Why Evangelical Christian Robert Aaron Long Murdered Eight People in Georgia

robert aaron long

Robert Aaron Long, 21, of Woodstock, Georgia, stands accused of a string of Asian massage parlor shootings that left eight people dead. Long, a devout Southern Baptist who frequented massage parlors, felt guilty over his “sin” and decided to atone for his sins by murdering eight people.

Long attended Crabapple First Baptist Church, a Fundamentalist Southern Baptist congregation in Alpharetta, Georgia. The church has made its website and social media accounts private. Last Sunday, First Baptist’s pastor, Jerry Dockery, had this to say in his sermon:

We’ve had, what, 45 presidents in our brief history as a nation? How many other kings around the world? How many other rulers have sat upon thrones, claiming to be in charge? The King is coming again.

When Christ returns, he will wage war against those who have rejected his name.

There is one word devoted to their demise. Swept away! Banished! Judged. They have no power before God. Satan himself is bound and released and then bound again and banished. That great dragon deceiver — just that quickly — God throws him into an eternal torment. And then we read where everyone — everyone that rejects Christ — will join Satan, the Beast and the false prophet in hell.

This sermon has since been deleted. I wonder why?

First Baptist is a member of Founders Ministries — a Calvinistic group dedicated to reclaiming the Southern Baptist Convention (SBC) for the glory of John Calvin’s God and five-point Calvinism.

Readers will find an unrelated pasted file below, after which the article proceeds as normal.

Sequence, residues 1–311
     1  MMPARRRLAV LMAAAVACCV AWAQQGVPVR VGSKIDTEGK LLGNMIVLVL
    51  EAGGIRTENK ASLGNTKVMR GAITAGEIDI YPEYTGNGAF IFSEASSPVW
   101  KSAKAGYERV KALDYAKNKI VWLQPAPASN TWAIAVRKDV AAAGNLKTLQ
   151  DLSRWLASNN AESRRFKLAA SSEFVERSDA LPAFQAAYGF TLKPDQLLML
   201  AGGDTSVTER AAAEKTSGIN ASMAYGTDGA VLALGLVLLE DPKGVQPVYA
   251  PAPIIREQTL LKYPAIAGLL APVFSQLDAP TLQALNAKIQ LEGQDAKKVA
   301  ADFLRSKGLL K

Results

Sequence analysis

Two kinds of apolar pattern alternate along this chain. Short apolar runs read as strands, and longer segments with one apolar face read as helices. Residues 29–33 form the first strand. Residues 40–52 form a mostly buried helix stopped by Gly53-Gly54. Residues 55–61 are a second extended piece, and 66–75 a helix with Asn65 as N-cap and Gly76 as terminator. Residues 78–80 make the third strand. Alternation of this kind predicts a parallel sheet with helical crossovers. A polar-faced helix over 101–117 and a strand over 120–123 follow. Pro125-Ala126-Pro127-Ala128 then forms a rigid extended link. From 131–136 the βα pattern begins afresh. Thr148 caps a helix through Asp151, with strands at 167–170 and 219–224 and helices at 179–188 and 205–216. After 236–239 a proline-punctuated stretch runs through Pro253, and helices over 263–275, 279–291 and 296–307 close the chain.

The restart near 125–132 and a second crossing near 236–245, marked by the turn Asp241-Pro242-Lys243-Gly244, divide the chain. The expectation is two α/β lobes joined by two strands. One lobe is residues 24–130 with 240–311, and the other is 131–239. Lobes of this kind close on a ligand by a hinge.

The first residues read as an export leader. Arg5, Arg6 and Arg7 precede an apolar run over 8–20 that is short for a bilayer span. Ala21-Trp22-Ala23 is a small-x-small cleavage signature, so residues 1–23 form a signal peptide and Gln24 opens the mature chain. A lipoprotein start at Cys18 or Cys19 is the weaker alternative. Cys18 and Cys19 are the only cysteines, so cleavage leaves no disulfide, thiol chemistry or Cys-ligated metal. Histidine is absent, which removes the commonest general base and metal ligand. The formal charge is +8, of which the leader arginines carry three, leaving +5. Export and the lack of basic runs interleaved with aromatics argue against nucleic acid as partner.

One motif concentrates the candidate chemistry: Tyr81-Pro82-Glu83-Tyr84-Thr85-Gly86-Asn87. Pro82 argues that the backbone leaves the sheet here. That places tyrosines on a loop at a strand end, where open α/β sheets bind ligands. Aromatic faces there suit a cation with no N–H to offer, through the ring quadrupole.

According to Ryan Burton King, a Calvinistic pastor, Long is a:

guy who was very active in his Baptist church. He prayed a prayer and was baptised at 8 but later confessed that he had been a false convert, who was now truly regenerate. He was baptised in 2018 and his testimony circulated online.

Most news media sites have focused on the victims’ race, treating these murders as a racially motivated hate crime. Long has already disputed that claim, but that narrative continues to drive discussions about his crimes. I want to posit a different motivation for Long’s murderous rampage: Evangelical teaching on sexuality.

Long frequented massage parlors, I assume even after he really, really, really got saved. Getting re-saved is common in churches with Calvinistic leanings, especially Southern Baptist and Independent Fundamentalist Baptist (IFB) congregations. People who walk the aisle, pray a prayer, and are pronounced born again, often have second born again experiences later in life after hearing the TRUE gospel of sovereign grace. I recently read a book about a Sovereign Grace congregation in Texas (which I pastored for a time in 1994) that detailed some of its members’ conversion stories. Almost to the man (and women), the members testified that they had made false professions of faith, and upon hearing the TRUE gospel, they repented of their sins, and Jesus saved them. This happens so often in Calvinistic churches that I think it is fair for me to conclude that this is the norm.